By Elyse Kelly, The Center Square
Wyoming suffered overall job and revenue loss during 2021’s first quarter, while some smaller sectors like tourism experienced growth, according to a recent economic report.
There were nearly 16,000 fewer jobs in January through March, according to Wyoming Economic Analysis Division (EAD) Chief Economist Weinlin Liu, as reported by Wyoming Public Media. Those lost jobs came mostly from the energy industry and led to a nearly 5% overall decline of sales and use taxes, Liu noted.
Wyoming Business Council CEO Josh Dorrell told The Center Square the Cowboy State’s economic trends reflects those of other states that have significant energy sectors.
“If you take a look at the trend Wyoming has when it comes to things like our employment, economy, GDP, we look a lot like other states like North Dakota and Alaska that are heavily based in the energy sector and natural resources,” he said.
But Dorrell noted there are things the state can do to make itself more resilient in the future.
“As you look at those states that have a greater knowledge sector, they tend to rebound faster,” he said. “So they still take a hit, but they tend to rebound a little bit faster or they don’t take quite the hit that we do that rely on those natural resource industries.”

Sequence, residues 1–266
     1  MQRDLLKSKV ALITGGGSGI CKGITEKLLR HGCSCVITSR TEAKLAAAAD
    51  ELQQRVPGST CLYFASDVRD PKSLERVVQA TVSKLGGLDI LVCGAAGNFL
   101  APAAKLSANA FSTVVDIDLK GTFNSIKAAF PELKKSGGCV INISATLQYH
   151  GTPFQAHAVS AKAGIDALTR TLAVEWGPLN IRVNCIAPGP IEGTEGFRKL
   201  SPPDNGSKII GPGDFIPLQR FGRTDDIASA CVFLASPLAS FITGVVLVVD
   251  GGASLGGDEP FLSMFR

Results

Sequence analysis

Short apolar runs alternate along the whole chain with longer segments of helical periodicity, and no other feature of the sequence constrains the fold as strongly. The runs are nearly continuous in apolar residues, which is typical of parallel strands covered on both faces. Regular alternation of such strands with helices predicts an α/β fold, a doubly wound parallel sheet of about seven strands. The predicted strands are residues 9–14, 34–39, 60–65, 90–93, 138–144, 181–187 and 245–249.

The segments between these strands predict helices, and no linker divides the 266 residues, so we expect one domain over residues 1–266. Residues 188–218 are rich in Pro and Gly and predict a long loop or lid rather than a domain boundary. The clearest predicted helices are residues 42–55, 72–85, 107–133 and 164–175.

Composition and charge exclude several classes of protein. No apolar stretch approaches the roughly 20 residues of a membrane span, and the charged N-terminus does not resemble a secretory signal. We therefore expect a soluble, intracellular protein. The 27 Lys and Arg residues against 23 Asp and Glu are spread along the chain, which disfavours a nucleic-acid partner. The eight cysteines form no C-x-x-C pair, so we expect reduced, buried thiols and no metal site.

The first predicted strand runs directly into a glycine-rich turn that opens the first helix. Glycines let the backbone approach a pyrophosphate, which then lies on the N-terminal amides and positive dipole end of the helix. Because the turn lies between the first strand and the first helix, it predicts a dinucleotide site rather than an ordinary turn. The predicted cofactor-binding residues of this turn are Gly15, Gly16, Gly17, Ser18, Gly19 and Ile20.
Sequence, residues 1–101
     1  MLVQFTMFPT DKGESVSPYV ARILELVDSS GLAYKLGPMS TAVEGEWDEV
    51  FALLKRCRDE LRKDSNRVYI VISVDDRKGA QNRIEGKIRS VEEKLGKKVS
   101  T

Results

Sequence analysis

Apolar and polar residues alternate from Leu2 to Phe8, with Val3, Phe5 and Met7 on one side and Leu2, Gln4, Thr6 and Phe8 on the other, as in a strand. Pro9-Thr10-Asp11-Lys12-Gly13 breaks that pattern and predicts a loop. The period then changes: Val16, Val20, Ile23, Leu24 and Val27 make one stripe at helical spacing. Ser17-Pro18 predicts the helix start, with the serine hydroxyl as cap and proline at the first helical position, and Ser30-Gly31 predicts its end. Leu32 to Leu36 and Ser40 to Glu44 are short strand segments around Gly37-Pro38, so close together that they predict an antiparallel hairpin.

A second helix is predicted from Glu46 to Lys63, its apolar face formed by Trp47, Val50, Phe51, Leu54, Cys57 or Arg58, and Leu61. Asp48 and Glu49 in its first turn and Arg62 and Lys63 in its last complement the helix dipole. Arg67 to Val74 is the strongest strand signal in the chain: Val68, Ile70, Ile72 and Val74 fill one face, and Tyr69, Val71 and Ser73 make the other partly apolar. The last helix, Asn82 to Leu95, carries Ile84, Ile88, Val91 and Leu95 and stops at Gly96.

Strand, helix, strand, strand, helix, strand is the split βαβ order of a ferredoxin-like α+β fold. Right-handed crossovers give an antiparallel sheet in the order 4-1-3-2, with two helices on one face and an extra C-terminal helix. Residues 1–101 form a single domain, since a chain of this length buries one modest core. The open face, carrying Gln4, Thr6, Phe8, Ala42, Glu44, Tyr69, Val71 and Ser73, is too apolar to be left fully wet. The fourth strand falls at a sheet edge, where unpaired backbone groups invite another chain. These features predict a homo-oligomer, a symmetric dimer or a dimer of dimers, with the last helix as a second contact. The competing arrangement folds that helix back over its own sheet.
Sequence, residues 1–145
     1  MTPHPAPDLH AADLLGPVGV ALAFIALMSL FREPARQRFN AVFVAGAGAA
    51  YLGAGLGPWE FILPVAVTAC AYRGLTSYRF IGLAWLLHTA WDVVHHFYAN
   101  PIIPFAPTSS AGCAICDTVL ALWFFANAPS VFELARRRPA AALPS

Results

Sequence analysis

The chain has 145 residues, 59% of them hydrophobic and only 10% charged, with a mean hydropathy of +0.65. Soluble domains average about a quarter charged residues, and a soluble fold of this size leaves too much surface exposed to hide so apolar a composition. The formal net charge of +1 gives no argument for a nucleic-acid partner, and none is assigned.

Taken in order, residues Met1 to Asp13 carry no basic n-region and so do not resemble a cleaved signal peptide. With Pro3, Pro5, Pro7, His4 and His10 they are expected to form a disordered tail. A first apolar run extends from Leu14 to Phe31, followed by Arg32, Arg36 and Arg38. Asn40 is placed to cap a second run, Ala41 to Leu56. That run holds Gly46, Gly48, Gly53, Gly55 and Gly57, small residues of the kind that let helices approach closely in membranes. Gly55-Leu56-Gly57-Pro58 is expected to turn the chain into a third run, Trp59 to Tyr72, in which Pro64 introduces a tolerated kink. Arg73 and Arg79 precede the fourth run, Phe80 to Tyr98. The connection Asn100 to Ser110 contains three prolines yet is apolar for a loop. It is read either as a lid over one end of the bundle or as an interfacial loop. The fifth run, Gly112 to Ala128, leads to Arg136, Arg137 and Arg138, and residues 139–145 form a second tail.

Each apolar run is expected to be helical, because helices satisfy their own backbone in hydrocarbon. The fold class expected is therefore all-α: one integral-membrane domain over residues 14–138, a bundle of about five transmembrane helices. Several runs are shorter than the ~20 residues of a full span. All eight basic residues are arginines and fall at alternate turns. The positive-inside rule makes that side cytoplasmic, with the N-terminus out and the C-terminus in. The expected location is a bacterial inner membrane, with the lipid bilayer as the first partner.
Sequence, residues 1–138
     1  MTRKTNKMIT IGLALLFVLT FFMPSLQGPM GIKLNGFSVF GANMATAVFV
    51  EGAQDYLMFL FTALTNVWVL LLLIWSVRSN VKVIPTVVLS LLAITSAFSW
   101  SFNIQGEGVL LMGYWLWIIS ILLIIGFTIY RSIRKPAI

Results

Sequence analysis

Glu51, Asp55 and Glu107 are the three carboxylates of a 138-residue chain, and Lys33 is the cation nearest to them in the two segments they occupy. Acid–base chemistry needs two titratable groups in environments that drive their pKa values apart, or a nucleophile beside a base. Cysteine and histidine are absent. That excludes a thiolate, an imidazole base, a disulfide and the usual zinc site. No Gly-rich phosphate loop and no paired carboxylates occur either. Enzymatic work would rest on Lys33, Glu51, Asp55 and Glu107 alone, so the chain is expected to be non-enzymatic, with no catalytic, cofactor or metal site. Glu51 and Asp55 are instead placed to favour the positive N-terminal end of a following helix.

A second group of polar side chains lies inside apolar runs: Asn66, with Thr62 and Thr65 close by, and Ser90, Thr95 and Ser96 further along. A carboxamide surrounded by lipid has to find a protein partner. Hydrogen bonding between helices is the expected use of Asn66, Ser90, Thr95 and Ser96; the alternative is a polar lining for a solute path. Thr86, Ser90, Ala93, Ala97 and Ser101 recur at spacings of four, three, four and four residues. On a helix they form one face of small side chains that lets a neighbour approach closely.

A continual question for the council, Dorrell said, is how to introduce that resilience to Wyoming.
“How do we continue to push natural resources forward because that’s a really important thing, but create an ‘and’ situation where we have maybe knowledge sector in whether that be in technology, whether that be in professional services, whether that be in manufacturing that’s maybe outside of natural resources? How do we continue to push those efforts so that we can rebound a little bit quicker?” he said.
Dorrell is encouraged by other metrics which showed Wyoming looks pretty similar to the rest of the country. At 5.2%, the state’s unemployment rate is actually a whole percent lower than the national average despite the job loss.
Behind the energy sector, the construction, leisure and hospitality (mostly restaurant and lodging), and government sectors lost over 2,300 jobs, according to the report. The retail sector also grew 1.8% during the quarter.
Dorrell pointed out that whenever there’s a big shock to the system, it would be hasty to say that’s an indicator for the rest of the year. He is hopeful the rest of the year will show improvement.
“I’ve also been encouraged over the last month with oil prices because, while they’re not as high as everybody would love them to be, they are in a spot where I think we’re going to see hopefully some of those workers going back to work as production will crank up there,” he said.
The Center Square is a 501(c)(3) non-profit focused on state- and local-level government and economic reporting.